>>>> the Creative Commons BY-SA 3.0 license. " And it is currently being
>>>> mirrored at least at the Internet Archive:
>>>> https://archive.org/details/stackexchange
>>>> So, in principle, it would be possible/desirable to:
>>>> - spin the 'r' tag from StackOverflow and propose an r.stackexchange.com
>>>> at
>>>> http://area51.stackexchange.com/categories/8/technology . Such a SE
>>>> site would be similar to http://mathematica.stackexchange.com/
>>>> - involve R Core to give blessing for using the R logo, if necessary.
>>>> This would be similar to what Ubuntu does with AskUbuntu:
>>>> http://meta.askubuntu.com/questions/5444/is-ask-ubuntu-official-ubuntu
>>>> - set a mirror on r-project.org for all the user content that is
>>>> produced by r.stackexchange.com , and thus allow R Core to keep the
>>>> info publicly available at all times. The mirroring on Internet
>>>> Archive would still hold.
>>>>> 2.  I think an interface like StackOverflow is better than the mailing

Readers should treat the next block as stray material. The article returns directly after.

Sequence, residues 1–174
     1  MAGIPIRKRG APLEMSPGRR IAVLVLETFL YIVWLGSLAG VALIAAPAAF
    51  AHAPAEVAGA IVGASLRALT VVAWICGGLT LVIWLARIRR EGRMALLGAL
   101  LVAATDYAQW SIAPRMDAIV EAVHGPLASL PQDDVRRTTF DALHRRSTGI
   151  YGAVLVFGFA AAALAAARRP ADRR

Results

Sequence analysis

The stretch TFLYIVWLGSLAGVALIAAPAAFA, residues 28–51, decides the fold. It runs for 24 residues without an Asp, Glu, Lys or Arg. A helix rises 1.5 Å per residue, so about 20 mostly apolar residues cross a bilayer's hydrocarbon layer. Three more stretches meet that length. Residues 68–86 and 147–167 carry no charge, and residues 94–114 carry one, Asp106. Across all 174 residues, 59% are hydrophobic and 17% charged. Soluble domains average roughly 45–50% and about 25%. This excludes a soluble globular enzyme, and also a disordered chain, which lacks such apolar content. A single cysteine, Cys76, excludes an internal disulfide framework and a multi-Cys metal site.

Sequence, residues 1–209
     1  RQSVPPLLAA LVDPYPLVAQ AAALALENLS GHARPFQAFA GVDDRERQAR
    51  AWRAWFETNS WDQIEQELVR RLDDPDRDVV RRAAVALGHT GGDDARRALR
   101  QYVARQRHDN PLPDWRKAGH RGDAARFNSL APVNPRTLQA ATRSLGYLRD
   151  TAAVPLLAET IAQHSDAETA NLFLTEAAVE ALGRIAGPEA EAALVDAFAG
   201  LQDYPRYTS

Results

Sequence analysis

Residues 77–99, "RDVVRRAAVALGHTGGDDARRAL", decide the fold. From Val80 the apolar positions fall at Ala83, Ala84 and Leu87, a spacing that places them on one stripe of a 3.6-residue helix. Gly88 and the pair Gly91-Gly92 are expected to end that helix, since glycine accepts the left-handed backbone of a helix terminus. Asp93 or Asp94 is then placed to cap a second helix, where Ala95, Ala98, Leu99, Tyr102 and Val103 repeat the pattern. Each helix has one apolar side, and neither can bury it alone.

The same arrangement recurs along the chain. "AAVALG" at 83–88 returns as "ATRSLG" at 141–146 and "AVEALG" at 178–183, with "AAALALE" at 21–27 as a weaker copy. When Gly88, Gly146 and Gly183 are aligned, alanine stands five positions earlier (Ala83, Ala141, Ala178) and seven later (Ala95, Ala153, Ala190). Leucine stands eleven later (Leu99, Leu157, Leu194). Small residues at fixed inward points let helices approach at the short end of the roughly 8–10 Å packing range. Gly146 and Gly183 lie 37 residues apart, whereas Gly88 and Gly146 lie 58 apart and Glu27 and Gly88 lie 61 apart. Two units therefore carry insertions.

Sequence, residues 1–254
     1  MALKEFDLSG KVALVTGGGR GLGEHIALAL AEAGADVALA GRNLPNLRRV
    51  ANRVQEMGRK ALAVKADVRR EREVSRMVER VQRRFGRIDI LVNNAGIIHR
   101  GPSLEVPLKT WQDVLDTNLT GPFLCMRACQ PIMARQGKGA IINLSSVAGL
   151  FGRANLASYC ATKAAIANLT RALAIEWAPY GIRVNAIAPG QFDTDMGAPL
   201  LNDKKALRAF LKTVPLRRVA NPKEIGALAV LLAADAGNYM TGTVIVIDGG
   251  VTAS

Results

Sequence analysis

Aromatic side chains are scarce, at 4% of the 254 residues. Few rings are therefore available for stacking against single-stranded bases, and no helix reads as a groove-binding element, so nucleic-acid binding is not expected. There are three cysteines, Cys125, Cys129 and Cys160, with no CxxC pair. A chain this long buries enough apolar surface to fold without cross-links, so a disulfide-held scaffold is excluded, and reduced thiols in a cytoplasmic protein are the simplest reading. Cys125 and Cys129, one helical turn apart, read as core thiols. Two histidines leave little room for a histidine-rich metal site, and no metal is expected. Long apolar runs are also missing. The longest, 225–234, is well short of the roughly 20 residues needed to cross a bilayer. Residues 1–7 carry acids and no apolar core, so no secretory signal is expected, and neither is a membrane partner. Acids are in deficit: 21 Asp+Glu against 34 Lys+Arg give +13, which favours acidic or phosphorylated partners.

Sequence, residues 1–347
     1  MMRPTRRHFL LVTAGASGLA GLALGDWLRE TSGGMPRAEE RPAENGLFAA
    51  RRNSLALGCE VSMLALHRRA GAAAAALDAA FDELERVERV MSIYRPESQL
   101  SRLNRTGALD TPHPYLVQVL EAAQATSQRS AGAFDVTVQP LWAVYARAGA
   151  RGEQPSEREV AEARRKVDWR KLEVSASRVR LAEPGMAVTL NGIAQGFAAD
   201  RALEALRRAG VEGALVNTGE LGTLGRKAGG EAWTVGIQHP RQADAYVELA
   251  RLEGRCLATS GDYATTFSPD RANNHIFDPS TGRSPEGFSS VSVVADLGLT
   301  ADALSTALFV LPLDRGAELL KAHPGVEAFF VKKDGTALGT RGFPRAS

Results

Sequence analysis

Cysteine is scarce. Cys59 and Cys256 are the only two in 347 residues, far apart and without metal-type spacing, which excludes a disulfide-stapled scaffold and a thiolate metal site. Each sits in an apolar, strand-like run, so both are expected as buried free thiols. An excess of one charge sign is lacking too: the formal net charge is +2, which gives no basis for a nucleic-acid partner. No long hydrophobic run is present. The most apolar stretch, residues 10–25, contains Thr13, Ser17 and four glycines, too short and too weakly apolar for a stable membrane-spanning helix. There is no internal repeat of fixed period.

>>>>> list
>>>>> interface, and will eventually win out.  R-help needs to do nothing,
>>>>> once
>>>>> someone puts together something like StackOverflow that attracts most
>>>>> of the
>>>>> people who give good answers, R-help will just fade away.
>>>> The advantages for such a move are countless (especially wrt to
>>>> efficiently organizing R-related knowledge and directing users to
>>>> appropriate sources of info), so I won't go into that. I would only
>>>> note that most 'r-sig-*' MLs would become obsolete in such a setup,
>>>> and would be replaced by the much more efficient tagging system of the
>>>> SE Q&A web interface (for example, all posts appropriate for r-sig-gui
>>>> would simply be tagged with 'gui'; no need for duplicated efforts of
>>>> monitoring multiple mailing lists).
>>>> Opinions?
>>>> Liviu
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E-Mail: (Ted Harding) <Ted.Harding at wlandres.net>
Date: 03-Feb-2014  Time: 21:49:47